Host of stars to miss first athletics World Cup in London

Athletics World Cup organisers face a major headache ahead of the event’s inaugural edition in London this summer with several of the sport’s leading names set to stay away.

Sportsmail can reveal that US sprint sensation Christian Coleman and South African star Wayde van Niekerk will miss the team event, which is being staged on July 14-15 at the London Stadium.

There is also uncertainty over the participation of Caster Semenya and Jamaica’s double Olympic sprint champion Elaine Thompson. Britain’s leading track talent Laura Muir is unlikely to race.  

Sprint sensation Christian Coleman unlikely to be in London after suffering hamstring injury

Sprint sensation Christian Coleman unlikely to be in London after suffering hamstring injury

Sprint sensation Christian Coleman unlikely to be in London after suffering hamstring injury

A combination of scheduling conflicts, injuries and gripes over the absence of appearances fees is at the root of the issue. In the case of Van Niekerk it is particularly unfortunate for the organisers, who had quoted an endorsement from the Olympic 400m champion in their promotional release when the event was launched in February.

It was reported earlier this month that he would return from a serious knee injury in July, but his manager Peet van Zyl revealed to Sportsmail on Tuesday that he is highly unlikely to compete again in 2018. 

‘Wayde will probably not compete at all this year,’ he said. ‘When he comes back he wants to be ready and that means we are not running anywhere this year now. It will probably be 2019.’ 

While injuries can be chalked down to bad luck, figures within the sport have privately questioned the timing of what is an exciting concept.

Olympic champion Wayde van Niekerk is set to miss the entirety of the 2018 season

Olympic champion Wayde van Niekerk is set to miss the entirety of the 2018 season

Olympic champion Wayde van Niekerk is set to miss the entirety of the 2018 season

It falls just one day after the Friday Diamond League meeting in Rabat, Morocco, and finishes only five days before the Monaco Diamond League, which itself falls a day before the Anniversary Games in the London Stadium on the weekend of July 21-22. 

For his part, Coleman, the fastest man in the world in 2017 and World Indoor champion this year, is understood to be planning to run in Paris and Lausanne at the start of July and then at the Anniversary Games.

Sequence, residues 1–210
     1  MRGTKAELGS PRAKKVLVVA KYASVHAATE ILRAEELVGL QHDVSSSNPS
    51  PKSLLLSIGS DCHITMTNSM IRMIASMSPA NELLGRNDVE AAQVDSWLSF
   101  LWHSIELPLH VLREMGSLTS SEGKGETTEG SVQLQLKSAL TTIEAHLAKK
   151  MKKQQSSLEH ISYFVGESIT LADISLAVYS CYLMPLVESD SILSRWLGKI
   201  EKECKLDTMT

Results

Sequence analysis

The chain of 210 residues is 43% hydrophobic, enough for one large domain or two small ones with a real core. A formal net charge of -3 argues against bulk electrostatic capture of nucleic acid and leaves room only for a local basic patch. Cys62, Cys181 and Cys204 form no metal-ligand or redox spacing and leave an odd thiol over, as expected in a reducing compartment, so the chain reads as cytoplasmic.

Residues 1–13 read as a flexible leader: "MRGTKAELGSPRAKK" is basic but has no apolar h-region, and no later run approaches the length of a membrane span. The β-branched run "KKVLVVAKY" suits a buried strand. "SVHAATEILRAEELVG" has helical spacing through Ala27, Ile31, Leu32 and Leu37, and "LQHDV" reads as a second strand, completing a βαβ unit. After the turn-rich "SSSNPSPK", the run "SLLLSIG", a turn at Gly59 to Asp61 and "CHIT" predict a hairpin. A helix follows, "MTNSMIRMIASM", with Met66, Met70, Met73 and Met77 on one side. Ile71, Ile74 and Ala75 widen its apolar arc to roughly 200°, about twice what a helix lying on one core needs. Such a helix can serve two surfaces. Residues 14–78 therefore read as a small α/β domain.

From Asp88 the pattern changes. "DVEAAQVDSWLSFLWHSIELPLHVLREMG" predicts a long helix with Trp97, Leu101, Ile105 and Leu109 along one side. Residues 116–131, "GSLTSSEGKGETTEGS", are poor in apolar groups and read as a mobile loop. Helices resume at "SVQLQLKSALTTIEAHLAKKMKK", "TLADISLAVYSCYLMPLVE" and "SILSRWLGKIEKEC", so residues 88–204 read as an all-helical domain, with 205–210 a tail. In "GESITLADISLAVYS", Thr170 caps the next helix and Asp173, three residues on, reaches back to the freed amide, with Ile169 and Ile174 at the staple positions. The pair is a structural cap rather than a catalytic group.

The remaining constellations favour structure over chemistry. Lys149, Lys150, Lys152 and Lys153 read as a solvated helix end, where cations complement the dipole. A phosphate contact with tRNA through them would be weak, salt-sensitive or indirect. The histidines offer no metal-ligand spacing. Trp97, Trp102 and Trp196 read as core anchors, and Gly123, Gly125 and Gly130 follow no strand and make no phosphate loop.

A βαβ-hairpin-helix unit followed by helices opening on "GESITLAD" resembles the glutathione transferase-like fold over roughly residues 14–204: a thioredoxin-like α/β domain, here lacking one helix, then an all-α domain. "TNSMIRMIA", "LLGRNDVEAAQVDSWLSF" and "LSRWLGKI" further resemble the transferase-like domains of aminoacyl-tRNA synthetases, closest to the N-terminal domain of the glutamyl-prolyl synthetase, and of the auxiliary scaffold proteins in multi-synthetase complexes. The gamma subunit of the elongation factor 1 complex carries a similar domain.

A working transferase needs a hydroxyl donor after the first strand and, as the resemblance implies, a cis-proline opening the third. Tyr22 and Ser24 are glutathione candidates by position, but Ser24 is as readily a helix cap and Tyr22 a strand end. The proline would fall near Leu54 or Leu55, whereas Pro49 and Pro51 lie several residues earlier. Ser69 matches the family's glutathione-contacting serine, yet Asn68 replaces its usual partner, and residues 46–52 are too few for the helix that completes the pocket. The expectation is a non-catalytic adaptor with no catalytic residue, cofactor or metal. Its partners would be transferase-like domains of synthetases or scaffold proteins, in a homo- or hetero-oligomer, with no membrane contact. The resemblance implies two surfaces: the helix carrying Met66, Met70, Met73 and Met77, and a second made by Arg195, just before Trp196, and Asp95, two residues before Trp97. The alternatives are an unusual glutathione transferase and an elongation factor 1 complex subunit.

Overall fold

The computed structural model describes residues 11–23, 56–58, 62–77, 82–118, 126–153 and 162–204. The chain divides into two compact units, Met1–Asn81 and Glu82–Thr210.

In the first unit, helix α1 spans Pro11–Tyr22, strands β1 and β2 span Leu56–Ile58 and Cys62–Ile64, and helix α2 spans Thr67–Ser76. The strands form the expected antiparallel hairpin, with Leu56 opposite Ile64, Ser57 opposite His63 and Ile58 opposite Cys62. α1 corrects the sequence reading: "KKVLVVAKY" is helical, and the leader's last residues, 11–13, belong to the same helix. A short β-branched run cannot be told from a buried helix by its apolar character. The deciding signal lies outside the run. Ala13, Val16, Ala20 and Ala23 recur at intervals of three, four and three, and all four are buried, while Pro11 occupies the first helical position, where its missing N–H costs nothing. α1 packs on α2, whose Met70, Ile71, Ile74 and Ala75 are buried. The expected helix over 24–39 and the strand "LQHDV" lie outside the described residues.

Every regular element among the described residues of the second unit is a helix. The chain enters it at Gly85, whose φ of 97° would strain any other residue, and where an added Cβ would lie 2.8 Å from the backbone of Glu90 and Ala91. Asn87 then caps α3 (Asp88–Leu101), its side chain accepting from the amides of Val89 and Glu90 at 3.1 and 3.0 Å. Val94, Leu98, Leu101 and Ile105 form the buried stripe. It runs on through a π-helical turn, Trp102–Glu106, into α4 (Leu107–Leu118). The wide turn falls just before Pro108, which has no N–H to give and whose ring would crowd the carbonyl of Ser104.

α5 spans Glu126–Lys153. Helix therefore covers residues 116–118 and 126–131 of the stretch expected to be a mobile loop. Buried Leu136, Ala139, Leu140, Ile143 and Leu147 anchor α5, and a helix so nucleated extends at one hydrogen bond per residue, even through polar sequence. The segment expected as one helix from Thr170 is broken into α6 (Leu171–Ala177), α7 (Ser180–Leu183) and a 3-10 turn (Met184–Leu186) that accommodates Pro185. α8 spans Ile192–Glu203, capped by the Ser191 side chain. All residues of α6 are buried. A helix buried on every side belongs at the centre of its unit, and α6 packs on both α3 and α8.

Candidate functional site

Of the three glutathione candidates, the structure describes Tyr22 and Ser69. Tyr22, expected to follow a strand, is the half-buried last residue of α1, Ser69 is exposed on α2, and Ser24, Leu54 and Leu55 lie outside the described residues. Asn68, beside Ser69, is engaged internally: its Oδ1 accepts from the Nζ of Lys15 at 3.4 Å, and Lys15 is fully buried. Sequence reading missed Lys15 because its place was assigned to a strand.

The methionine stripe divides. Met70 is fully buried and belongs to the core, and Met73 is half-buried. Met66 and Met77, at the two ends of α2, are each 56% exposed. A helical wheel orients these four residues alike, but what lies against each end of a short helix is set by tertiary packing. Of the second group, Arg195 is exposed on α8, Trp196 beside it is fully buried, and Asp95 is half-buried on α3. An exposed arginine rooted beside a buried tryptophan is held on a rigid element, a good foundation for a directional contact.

Athletics World Cup organisers have worked to lessen the squeeze by scheduling certain events for Sunday in consideration of the athletes who will travel to London from Morocco on the Friday, but there is frustration around the camps that the event has been inserted into such a busy portion of the season, with organisers limited in their window of opportunity because of West Ham’s use of the stadium.

Van Niekerk has been working on his recovery since ruptured ligaments last October

Van Niekerk has been working on his recovery since ruptured ligaments last October

Van Niekerk has been working on his recovery since ruptured ligaments last October

There is also consternation about remuneration, with no appearance fees being paid as it is an event in which participation is being determined via selection from each of the eight national federations taking part, unlike invitation-based competitions such as the Diamond League.

In those invitational events, a top athlete will take in five-figure appearance fees – Usain Bolt, the exception to the rule, used to command around £200,000 per appearance – but at the Athletics World Cup, the finances on offer come from the prize pot, which stands in excess of $2million (£1.42m). That will see the winning team of around 45 athletes sharing $450,000 (£320,000, so around £7,110 each) and the eighth-ranked nation sharing $100,000 (£71,000, at £1,577 each).

Organisers point to athletes whose team finishes last pocketing around twice what they would for finishing eighth in the Diamond League, but the consequence is that star names might be thin on the ground for what is a genuinely promising format.

Tickets are expected to sell-out for the two-day event, which will see Britain, the United States, South Africa, Poland, France, China, Germany and Jamaica face off. One male and one female athlete from each nation will compete in all field and track events up to 1500m, with points determining the overall winner.    

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